Following the recent UK changes, young people aged between 12 and 15 will also be offered a second dose of Covid-19 vaccine.
Health & Social Care has announced a raft of changes, which it is aiming to implement as soon as possible.
This includes cutting the gap between second jabs and boosters from six months to three months for over 18s.
Appointments will be offered in descending age groups, with priority being given to older adults and those at risk.
A second dose of vaccine to be offered to young people aged 12 to 15 years with a 12-week gap between the two doses.
Patients who meet the criteria will be sent a letter with an appointment date and time for their booster/second dose. They will be asked to attend their vaccination appointment within a one-hour time slot.
In a bid to cope with the increased workload, the Community Vaccination Centre at Beau Sejour will be open seven days a week between 9.30am and 8pm.
People must bring their appointment letter to the Community Vaccination Centre.
So far about half over 50s have had their booster and Guernsey had been starting to offer booster slots for over 40s. About 95% of local adults have had at least one jab.
HSC president Al Brouard said the announcement of Omicron variant had led to the acceleration of the booster deployment in the UK and Guernsey.
'We have, and continue to, follow JCVI advice on these matters and will be accelerating our own programme to ensure as many islanders as possible have maximum Covid-19 protection before the end of the year,' he said.
'I would like to thank, once again, the Committee for Education, Sport & Culture along with Beau Sejour users, for their patience as we continue to utilise the leisure centre to deliver this programme.'
Medical Director Dr Peter Rabey said the booster programme was essential to protect islanders' health.
'An analysis of the individuals who have been admitted into hospital in this most recent 'wave' shows that the 8% of unvaccinated adults (aged 18 or over) in Guernsey have accounted for 41% of the PEH admissions related to Covid-19 but, more concerningly, 71% of those requiring High Dependency Unit/Intensive Care Unit admissions,' he said.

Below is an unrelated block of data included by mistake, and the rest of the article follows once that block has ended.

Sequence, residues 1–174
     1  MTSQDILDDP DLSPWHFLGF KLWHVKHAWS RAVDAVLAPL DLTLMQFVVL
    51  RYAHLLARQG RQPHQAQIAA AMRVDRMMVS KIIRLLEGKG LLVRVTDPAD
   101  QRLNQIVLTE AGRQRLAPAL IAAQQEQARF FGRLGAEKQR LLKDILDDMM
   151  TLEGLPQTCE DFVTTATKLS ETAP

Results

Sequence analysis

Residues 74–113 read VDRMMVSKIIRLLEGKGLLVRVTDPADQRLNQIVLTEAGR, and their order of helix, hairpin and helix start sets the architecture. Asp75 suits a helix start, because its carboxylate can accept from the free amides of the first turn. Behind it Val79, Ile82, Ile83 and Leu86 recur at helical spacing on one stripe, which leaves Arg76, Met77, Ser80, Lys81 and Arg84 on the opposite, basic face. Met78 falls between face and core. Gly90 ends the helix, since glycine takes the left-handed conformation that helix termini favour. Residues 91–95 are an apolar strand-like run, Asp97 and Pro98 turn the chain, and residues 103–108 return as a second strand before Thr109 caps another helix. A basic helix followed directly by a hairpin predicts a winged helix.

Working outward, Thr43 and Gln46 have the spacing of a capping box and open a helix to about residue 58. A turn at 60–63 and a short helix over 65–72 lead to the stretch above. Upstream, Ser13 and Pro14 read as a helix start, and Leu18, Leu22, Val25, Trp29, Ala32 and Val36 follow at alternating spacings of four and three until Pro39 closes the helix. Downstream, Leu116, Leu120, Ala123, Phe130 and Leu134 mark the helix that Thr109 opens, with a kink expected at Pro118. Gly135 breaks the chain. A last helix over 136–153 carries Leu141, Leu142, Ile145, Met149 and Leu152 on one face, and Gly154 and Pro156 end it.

'Some of the patients who required intensive care have had lengthy stays in hospital which means that these specialist beds cannot be used for other patients.'
In this wave there have been 17 Covid-19 related admissions to the PEH - 10 were vaccinated and seven were unvaccinated.
Operational Delivery and Support strategic lead Jason Moriarty said that to accelerate the delivery of the programme, and to use resources as efficiently as possible, they had changed how people will be invited to the Community Vaccination Centre.
'We anticipate that this should also reduce the wait times both at the vaccine drop ins and on the phone lines,' he said.
'Those eligible for a booster vaccine, or a second dose. will be sent a letter with an appointment date and time. We are encouraging individuals to make every effort to prioritise these appointments and attend for their vaccine at their allotted time. We are also asking employers to support the release of staff if their appointment falls within working hours wherever this is practically possible to do so.
'If anyone has exceptional circumstances which means they are unable to attend at their allotted time, we would ask that they call 01481 220006 or email email@example.com in order to make alternative arrangements and to free up that appointment for another person.'